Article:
Screen Australia chief executive Ruth Harley released new figures at the close of the Screen Producers Association of Australia (SPAA) conference which showed that the 40% producer offset has injected $83m (A$91m) into the budgets of 19 films in the past two years.
However, producers had mixed feelings about the impact of the offset on the local production industry, which is currently enjoying success but anticipating problems further down the line.
“The figures are handy to know but meaningless unless we can identify what films they are,” said SPAA executive director Geoff Brown in response. Earlier this week he revealed to Screendaily.com the details of a fund he is proposing to address the anticipated downturn.
Indeed, exuberant enthusiasm and dreadful doom and gloom were present in equal measure by the end of the three-day annual conference, which wrapped in Sydney today.
Delegates are feeling upbeat because several outstanding Australian films have pushed up local box office share and there’s more to come with Bran Nue Dae, Daybreakers and Bright Star, but there is little doubt that two key factors behind this success, the high number of films and the larger-than-usual budget size of some of them, are heading for a fall.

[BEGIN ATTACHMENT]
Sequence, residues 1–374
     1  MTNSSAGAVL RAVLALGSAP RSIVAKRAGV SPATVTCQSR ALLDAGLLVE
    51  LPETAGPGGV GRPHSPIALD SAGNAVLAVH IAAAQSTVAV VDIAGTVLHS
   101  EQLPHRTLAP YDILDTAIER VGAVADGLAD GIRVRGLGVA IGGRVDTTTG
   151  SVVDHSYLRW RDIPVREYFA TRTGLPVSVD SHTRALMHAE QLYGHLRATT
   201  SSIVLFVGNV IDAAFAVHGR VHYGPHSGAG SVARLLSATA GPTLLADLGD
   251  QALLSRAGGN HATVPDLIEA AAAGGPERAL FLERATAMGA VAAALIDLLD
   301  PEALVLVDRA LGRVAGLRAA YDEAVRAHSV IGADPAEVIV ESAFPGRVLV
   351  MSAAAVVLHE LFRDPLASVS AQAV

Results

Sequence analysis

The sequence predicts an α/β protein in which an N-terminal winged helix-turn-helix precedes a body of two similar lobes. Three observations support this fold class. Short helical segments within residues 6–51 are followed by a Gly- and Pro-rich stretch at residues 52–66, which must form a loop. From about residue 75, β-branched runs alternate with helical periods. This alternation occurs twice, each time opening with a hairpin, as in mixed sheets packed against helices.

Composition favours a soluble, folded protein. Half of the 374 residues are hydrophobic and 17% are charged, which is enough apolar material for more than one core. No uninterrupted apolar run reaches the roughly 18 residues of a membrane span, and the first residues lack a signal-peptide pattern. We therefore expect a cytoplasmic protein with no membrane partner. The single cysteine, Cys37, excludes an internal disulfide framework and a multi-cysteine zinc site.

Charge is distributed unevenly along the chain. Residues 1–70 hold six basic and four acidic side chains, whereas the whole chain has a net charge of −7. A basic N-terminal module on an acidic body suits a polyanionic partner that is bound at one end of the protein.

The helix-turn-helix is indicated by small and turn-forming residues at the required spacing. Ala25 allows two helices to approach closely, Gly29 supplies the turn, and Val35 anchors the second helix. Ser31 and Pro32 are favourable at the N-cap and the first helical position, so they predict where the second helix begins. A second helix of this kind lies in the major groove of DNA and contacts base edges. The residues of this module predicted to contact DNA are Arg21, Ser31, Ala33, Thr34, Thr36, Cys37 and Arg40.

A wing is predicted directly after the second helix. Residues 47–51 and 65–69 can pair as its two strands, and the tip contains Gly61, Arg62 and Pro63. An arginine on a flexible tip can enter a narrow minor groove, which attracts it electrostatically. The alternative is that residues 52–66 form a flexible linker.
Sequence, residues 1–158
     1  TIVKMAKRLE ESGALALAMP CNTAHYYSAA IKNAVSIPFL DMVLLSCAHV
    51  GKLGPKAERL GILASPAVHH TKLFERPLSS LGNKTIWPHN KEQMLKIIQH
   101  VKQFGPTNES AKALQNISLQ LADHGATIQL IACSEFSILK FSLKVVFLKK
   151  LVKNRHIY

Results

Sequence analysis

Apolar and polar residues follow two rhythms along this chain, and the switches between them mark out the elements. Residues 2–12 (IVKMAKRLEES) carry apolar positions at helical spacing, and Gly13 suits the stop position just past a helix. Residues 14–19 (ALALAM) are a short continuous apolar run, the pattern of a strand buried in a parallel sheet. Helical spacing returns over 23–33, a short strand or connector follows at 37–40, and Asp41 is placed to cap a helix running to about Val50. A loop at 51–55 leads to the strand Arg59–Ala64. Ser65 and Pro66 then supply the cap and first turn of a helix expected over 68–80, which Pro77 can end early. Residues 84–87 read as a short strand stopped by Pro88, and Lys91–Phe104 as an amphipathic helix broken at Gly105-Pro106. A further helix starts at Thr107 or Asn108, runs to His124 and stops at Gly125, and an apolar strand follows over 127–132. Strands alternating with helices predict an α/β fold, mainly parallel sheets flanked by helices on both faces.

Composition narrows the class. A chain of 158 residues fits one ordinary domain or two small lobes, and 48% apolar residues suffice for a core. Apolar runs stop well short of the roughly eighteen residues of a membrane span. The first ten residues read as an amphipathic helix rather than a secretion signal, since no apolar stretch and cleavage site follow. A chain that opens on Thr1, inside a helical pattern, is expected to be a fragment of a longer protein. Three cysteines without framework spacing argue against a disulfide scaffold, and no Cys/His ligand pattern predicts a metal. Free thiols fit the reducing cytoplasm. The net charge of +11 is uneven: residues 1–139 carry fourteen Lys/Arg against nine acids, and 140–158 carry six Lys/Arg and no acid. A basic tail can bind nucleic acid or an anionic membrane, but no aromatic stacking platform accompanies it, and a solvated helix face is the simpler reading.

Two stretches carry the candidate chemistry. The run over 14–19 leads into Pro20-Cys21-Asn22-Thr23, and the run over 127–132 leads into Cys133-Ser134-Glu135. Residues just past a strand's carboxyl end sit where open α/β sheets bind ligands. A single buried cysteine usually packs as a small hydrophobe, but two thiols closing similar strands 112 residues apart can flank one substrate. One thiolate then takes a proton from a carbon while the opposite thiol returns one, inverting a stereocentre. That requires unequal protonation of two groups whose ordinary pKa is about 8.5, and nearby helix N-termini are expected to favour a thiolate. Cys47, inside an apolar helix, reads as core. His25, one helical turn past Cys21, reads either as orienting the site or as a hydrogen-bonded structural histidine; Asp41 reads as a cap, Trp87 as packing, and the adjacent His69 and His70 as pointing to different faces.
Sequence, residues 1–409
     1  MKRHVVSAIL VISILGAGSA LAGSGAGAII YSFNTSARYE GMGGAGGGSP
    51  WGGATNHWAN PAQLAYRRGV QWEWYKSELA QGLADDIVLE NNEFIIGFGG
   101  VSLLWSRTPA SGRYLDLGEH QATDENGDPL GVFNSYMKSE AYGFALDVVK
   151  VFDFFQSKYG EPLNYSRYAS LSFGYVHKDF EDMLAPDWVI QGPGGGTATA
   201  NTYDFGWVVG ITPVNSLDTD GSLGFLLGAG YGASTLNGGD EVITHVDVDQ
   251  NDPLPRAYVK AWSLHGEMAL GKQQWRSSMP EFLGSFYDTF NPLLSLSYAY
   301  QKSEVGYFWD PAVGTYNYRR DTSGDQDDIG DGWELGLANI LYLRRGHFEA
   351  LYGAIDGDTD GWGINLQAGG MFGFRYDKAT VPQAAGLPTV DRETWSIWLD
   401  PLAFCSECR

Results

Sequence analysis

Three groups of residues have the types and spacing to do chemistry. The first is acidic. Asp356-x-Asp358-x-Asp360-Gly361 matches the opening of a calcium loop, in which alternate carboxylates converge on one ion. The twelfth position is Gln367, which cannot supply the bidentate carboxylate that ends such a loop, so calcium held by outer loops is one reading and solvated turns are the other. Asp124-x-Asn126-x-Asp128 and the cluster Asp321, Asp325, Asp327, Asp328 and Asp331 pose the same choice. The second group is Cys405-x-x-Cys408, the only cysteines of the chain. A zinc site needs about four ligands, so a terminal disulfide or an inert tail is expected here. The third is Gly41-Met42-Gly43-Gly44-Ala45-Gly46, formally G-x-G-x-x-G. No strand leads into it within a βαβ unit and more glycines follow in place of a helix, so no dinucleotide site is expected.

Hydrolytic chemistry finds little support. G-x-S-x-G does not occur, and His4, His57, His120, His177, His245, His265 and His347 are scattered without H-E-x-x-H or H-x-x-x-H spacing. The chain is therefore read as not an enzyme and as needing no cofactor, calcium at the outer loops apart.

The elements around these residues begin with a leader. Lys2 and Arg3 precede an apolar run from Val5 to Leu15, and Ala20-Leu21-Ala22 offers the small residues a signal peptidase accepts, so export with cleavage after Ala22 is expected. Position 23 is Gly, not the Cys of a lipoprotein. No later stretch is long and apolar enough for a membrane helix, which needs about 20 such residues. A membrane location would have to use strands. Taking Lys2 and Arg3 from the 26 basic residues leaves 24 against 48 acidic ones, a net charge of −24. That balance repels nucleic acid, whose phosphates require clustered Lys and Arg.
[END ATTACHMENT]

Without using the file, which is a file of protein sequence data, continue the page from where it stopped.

Australian producers can access indirect and direct finance, thanks to the 40% uncapped producer offset and Screen Australia respectively, but speaker after speaker made it clear that the shaky global independent film scene made it a major feat to find the other 60% and the traditional obsessive-compulsive-sized dependence on the federal film agency is alive and well despite a reduction in its allocation for film.
Brown says the only true indication of the success of the producer offset is how much private sector finance it attracts and the picture is still blurry – how much of the A$91m is due to Baz Luhrmann’s flash-in-the-pan film Australia would be useful to know but is subject to the strict secrecy provision around the tax act.
Perhaps producer David Hannay summed the mood up best when presented with life-time SPAA membership: “We are at crisis point, but we have to be positive.” Animation producer Sandra Gross was the other recipient.
Registrations had to be closed when they reached 720, which supports his view, although being located in the country’s biggest production centre helped push up numbers.
The conference ended with Melanie Coombs (Mary & Max) being crowned independent feature producer of the year, and Emile Sherman producer of the year overall. Sherman has one of the biggest feature film financing hit rates in the country, with recent credits including Disgrace and $9.99, and the unfinished The Kings of Mykonos and UK/Australian co-production Oranges And Sunshine.
Other producers recognised for their work were Suzanne Ryan for Des Hamilton: Alien Entomologist (children’s television), Screentime for Underbelly Series 2 (television drama), FremantleMedia Australia for MasterChef (light entertainment), Cathy Henkel for The Burning Season (documentary), and Tracks Post-production (services and facilities).
The winner of DigiSPAA, an award for a film originated digitally, and shot without direct government subsidy, was Missing Water, a refugee story that drew on the personal experience of director Khoa Do, who was Young Australian of the Year in 2005.